Peter Robinson: We recognsie the importance of CAP to Northern Ireland farmers. The DUP has always been the farmer’s friend. We have lobbied HMG and the RoI Agriculture Minister who will have the job of negotiating CAP reform during their Presidency of the EU. We also intend to raise this issue next week when in Brussels dealing with a range of NI matters. My colleague Diane Dodds MEP has been very active on this issue and regularly updates us on the meetings she is holding. This is the advanatge of being the only party in Northern Ireland to have representatives sitting in the Assembly, Westminster and Europe.


Comment From John Hunter

What steps has the First Minister taken to lobby HM Government to retain the amount of money coming from Europe to the UK under the Common Agriculture Policy?


Peter Robinson: The John Lewis proposal would bring 1500 jobs with it. Alex had written to the Planning Appeals Commission indicating what his intention would be in relation to Retail Policy for the future. His intention would have had the impact of damaging the John Lewis planning proposal. At the Executive meeting on Thursday the deputy First Minister and I, in accordance with Section 20 (4) (b) of the Northern Ireland Act, required the decision on Retail Policy to be brought to Executive for discussion and agreement because of its significant and controversial nature. It is not therefore a decision for the Minister to take.


Comment From Bob

Why was Alex Attwood allowed to put thousands of jobs and millions of pounds in danger by banning John Lewis at Lisburn?


Peter Robinson: Neigh!


Comment From Mark

Would you ever eat a horseburger?


Peter Robinson: Many communities in Northern Ireland suffer from poverty and dereliction and the Executive have a number of measures aimed at tackling this need. The Social Investment Fund is perhaps the most innovative in that it allows local communities to determine for themselves local priorities for Executive funding. Instead of government telling local people what they need communities are setting their own priorities for government to fund. £80 million has been ring-fenced and I hope that the assessment of the scheme will encourage a further traunch of funding.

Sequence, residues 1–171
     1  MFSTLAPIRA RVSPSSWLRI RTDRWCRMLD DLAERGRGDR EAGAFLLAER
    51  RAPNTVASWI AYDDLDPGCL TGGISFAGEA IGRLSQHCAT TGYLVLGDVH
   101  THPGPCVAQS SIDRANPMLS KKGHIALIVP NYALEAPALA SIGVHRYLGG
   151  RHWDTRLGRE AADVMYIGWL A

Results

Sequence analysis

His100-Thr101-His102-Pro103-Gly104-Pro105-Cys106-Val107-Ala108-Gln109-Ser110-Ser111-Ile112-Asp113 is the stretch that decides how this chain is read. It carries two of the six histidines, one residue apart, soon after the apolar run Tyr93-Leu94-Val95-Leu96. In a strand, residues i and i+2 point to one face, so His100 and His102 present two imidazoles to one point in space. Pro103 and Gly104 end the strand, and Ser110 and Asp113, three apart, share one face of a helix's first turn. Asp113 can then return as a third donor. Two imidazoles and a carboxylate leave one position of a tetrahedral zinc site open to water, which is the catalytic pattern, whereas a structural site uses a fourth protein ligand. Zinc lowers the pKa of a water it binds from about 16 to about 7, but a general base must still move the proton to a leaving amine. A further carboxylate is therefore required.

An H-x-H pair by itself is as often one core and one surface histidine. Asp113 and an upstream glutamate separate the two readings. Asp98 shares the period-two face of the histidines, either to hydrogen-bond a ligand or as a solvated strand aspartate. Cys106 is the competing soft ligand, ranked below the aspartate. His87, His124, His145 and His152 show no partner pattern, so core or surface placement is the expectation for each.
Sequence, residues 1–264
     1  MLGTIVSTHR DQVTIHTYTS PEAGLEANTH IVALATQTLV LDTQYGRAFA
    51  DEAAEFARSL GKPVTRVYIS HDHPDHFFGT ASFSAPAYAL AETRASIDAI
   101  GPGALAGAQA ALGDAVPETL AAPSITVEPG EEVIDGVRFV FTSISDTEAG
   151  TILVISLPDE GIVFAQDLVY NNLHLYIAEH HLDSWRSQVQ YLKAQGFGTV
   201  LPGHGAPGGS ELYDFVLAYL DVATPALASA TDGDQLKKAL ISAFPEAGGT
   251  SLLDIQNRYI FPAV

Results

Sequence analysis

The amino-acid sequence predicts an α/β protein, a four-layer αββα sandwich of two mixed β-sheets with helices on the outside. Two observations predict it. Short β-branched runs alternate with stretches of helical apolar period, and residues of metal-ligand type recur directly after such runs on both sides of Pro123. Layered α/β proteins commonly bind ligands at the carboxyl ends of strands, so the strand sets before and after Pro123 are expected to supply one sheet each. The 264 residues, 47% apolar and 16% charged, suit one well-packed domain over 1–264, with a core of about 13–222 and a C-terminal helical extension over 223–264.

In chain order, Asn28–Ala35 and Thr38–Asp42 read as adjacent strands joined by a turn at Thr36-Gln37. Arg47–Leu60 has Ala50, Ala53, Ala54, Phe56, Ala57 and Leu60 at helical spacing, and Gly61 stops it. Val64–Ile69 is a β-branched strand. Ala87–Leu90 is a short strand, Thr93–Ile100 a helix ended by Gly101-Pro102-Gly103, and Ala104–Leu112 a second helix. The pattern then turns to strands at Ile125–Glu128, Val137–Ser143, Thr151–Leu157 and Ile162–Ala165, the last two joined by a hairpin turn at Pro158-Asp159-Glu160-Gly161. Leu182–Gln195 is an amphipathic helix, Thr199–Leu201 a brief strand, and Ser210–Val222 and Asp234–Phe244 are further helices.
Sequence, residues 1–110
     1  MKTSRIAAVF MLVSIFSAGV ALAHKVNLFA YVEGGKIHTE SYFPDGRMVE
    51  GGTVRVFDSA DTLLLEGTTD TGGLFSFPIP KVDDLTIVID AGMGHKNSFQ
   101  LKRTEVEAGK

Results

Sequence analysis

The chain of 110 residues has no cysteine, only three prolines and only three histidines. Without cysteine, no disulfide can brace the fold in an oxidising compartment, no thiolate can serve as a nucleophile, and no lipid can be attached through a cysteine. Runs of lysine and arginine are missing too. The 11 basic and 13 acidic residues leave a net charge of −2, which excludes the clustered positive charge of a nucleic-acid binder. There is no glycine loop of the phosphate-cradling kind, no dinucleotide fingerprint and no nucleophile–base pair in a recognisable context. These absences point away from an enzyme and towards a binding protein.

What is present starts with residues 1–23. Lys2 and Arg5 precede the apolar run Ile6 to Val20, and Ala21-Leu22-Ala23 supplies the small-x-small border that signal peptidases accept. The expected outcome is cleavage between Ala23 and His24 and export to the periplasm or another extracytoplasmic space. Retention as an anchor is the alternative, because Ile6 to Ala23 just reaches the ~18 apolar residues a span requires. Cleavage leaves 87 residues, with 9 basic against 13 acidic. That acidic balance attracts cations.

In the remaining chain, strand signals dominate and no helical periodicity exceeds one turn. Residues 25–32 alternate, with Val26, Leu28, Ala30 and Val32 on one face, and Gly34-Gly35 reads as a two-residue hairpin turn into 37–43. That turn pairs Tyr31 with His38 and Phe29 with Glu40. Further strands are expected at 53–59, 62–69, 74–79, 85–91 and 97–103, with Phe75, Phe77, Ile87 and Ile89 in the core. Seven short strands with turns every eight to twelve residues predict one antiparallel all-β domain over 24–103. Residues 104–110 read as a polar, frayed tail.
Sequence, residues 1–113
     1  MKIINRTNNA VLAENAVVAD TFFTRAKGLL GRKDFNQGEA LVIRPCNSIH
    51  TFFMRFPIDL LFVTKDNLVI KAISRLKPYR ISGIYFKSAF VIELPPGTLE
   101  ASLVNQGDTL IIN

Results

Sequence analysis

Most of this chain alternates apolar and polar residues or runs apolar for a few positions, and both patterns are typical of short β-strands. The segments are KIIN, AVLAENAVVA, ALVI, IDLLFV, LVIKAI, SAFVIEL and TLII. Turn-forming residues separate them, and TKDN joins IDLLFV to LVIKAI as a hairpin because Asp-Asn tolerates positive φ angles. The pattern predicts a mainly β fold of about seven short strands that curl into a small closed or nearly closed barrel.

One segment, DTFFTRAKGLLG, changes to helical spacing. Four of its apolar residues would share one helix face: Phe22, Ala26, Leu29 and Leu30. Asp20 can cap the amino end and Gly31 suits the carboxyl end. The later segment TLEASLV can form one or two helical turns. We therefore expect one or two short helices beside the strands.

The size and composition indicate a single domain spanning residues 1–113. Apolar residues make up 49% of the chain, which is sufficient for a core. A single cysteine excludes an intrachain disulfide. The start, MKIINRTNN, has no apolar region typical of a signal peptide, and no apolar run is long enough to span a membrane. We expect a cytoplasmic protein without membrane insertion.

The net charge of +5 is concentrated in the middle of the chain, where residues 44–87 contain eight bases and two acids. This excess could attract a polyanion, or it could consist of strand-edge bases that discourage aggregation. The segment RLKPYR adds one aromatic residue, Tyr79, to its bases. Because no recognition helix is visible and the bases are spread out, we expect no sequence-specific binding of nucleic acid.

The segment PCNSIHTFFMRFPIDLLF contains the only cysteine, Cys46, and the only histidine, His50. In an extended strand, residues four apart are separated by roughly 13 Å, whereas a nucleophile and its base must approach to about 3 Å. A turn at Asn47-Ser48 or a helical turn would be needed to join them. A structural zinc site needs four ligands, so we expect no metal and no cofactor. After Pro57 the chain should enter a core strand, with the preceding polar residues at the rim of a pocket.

Comment From Kirsty

Why did you introduce a new fund to tackle deprivation?


Peter Robinson: Nothing we or anyone else can do can replace loved ones lost through terrorism or reduce the pain of those who have suffered.

However, since devolution we have tripled funding for victims over the Northern Ireland spending review period. In addition, on devolution we immediately started a fundamental review of provision which has led to a ten year strategy, the Victims Commission and now the new Commissioner and Victims Service. We want to ensure the best quality and professional services are available to victims when needed. We will continue to listen to the needs of victims and will move to address these needs as we continue to progress.


Comment From Rachel

What have you done for the victims of IRA terrorism?


Peter Robinson: Because of devolution students in Northern Ireland are better off than in England. The Executive has frozen fees in real terms while they have been increased up to £9,000 in England. We want univeristy to be affordable for all.


Comment From Samuel McM